Recommendations for Ohio's guardianship system
Standards to help courts monitor the program
When someone is too mentally impaired to take proper care of himself or herself, a probate court can appoint a guardian to direct the legal, financial and personal matters of that person, who is deemed "incompetent." Once appointed, a guardian is accountable to the court for providing care and management of the ward's affairs. An investigation by the Government Accountability Office found allegations of abuse by legal guardians in 45 states and the District of Columbia. In 20 cases studied by the office in which criminal or civil penalties resulted, investigators found that guardians stole at least $5.4 million in assets from 158 victims, the report said.
In some instances, these same guardians abused or physically neglected the people they were supposed to help and protect. In a recent Ohio case, an attorney who had been appointed by the Franklin County Probate Court as the guardian of an 86-year-old Columbus woman was convicted of making more than $20,000 in unauthorized withdrawals from the woman's bank account.
Approximately 60,000 applications for guardianship are filed in Ohio every year, and nearly two-thirds of those are for adults. A survey of Ohio's 88 probate courts found wide diversity in how the courts monitor the well-being of their wards and the actions of the guardians. The probate courts want to do a better job monitoring guardianships, but they lack the resources to hire additional staff or buy additional technology.
The Ohio Supreme Court is considering a proposal to establish statewide certification and standards of conduct for guardians. A subcommittee of the Court's Advisory Committee on Children, Families and the Courts has worked on three major areas of adult guardianship: standards and certification, monitoring protocols and needs assessment and data collection. The subcommittee recommended gathering data to understand Ohio's current guardianship system in detail. A subcommittee workgroup wrote standards for professional guardians, including frequency of guardian visits, decision-making and conflicts of interest.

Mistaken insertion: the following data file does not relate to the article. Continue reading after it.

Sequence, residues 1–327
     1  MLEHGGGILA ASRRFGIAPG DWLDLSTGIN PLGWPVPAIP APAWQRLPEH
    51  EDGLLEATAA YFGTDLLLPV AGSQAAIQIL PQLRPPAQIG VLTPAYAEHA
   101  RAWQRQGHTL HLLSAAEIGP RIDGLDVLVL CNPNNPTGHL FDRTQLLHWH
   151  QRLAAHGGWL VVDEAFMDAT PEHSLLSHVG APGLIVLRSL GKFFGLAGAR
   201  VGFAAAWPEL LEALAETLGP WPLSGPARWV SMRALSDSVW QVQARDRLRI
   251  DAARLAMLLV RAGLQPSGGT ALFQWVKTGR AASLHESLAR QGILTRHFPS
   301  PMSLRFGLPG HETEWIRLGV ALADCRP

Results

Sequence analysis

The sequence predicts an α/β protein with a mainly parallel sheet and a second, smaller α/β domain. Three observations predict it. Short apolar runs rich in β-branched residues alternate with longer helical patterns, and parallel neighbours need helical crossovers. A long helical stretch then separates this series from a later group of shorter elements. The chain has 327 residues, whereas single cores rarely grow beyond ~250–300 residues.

The monitoring protocols workgroup developed a bench card to help probate courts monitor guardianships, and is developing a series of questions for adult wards regarding their experience with their guardians, such as how often the guardian visits, whether he has enough and appropriate clothing and whether his needs are being met. The workgroup also recommended gathering state and national information on monitoring active guardianships and identifying preferred protocols to replicate, especially those that do not require additional financial resources. The workgroup will publish a summary of the best models and provide it to judges handling probate work.
The data collection workgroup developed a form for probate courts to use to report statistics about guardianships in their jurisdiction. Currently, probate courts report to the Supreme Court the number of new guardianship cases filed and cases closed during the year. However, the number of ongoing guardianship cases is not accounted for in any database. The workgroup identified a minimum data collection set, which would help to appropriately plan and fund support services for guardians and wards, as well as allowing projections of the future need for guardians.
After considering the committee's recommendations, the Supreme Court will determine the best course of action for implementation, most likely legislation to change state statutes, rules of superintendence or both.
If you or someone close to you needs information about how to protect and help someone, call your area agency on aging at 1-866-243-5678. Also, ask friends and family members for the name of an attorney who is knowledgeable about probate matters. ProSeniors provides free legal information, advice and referral for Ohio residents age 60 and older.
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